Lausanne, the main town of the winemaking Swiss canton of Vaud, which hosts the International Olympic Committee and what is considered the best hospitality management school in the world, has recently joined the Great Wine Capitals Global Network.
Vaud is the second-largest wine-producing region of Switzerland, and its Lavaux vineyards, stretching from Lausanne to Montreux along the shores of Lake Geneva, are a UNESCO World Heritage Site and one of the most extraordinary wine landscapes in the world. The wines of Vaud are prominently white, and this is one of the few places where the Chasselas grape, which accounts for ca. 70% of total production, can make wines of real distinction. Good Pinot Gris and Chardonnay can also be found, and for reds, quite a few interesting Gamays. A strong drive towards quality and terroir-specific wines has resulted in the creation of eight appellations of origin as well as a number of Crus.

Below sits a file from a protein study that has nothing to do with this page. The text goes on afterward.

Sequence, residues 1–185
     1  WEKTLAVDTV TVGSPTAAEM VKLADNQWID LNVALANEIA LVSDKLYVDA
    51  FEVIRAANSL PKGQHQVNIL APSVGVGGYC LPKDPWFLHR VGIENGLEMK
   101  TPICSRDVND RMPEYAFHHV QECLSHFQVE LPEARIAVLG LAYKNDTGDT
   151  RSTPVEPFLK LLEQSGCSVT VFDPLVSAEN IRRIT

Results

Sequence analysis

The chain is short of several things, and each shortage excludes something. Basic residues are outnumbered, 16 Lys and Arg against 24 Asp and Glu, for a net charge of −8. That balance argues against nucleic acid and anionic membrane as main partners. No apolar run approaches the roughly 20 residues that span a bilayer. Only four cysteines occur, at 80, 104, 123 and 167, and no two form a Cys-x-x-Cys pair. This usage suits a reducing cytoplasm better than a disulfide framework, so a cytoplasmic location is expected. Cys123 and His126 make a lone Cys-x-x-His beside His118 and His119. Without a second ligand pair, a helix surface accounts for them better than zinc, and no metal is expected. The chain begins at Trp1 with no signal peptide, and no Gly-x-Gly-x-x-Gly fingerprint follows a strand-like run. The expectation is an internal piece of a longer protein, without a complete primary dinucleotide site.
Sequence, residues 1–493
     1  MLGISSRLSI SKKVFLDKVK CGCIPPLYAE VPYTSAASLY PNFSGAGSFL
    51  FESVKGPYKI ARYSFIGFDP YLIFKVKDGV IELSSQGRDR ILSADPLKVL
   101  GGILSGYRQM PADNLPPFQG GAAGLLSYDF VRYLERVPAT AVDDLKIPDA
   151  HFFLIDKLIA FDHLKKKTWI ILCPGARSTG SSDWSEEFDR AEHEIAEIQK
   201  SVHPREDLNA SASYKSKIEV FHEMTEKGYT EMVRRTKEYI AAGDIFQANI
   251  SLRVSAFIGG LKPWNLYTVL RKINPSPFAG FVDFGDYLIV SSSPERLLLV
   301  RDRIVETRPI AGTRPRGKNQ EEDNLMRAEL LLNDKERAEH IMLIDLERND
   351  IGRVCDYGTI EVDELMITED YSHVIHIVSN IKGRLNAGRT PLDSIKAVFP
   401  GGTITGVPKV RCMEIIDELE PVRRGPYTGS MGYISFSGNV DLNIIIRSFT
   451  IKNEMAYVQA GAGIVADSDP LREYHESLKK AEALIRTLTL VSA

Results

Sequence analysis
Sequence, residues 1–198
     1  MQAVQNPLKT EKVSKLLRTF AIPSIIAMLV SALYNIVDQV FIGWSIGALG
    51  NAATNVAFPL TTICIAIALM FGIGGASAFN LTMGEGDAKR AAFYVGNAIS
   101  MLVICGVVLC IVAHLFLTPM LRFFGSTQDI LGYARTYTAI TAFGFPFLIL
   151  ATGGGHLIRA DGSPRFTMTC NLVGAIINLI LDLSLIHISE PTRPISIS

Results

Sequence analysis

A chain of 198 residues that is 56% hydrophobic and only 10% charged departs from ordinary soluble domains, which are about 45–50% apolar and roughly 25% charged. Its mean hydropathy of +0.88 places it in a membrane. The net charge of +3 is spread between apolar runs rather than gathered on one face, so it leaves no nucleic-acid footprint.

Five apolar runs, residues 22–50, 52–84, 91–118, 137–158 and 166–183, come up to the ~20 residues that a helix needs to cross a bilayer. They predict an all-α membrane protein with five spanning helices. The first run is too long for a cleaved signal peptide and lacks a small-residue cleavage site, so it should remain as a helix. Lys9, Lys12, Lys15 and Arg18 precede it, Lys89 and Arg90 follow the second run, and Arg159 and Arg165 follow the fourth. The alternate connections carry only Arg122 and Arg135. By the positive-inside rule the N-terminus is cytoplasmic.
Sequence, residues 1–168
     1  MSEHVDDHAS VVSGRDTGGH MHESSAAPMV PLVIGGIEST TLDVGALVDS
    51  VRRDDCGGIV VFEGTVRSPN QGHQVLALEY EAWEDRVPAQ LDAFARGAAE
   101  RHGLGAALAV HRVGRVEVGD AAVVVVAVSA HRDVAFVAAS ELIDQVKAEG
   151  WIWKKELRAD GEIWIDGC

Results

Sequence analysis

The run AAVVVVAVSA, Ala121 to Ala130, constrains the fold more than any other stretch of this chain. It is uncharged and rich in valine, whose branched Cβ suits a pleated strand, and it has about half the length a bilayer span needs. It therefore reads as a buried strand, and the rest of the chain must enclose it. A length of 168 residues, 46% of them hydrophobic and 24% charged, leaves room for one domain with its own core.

Quantities as usual for this country are rather small, and most of the wine is consumed nationally or even locally. Not surprisingly, in this corner of Switzerland combining natural beauty, cultural heritage and of course oenological exploration, wine tourism has become very popular.
The Great Wine Capitals Global Network is a group of ten cities around the world linked to globally renowned wine regions. Its focus is to promote travel, education and business exchanges through projects, initiatives and programs, notably the ‘Best Of Wine Tourism’ awards, which recognize wineries and wine tourism related business for their contribution to the promotion of their city and region.
The other member cities (and related wine regions) are Adelaide (South Australia), Bilbao (Rioja, Spain), Bordeaux (France), Mainz (Rheinhessen, Germany), Mendoza (Argentina), Porto (Portugal), San Francisco (Napa Valley, US), Valparaìso (Casablanca Valley, Chile) and Verona (Veneto wines, among them Amarone della Valpolicella).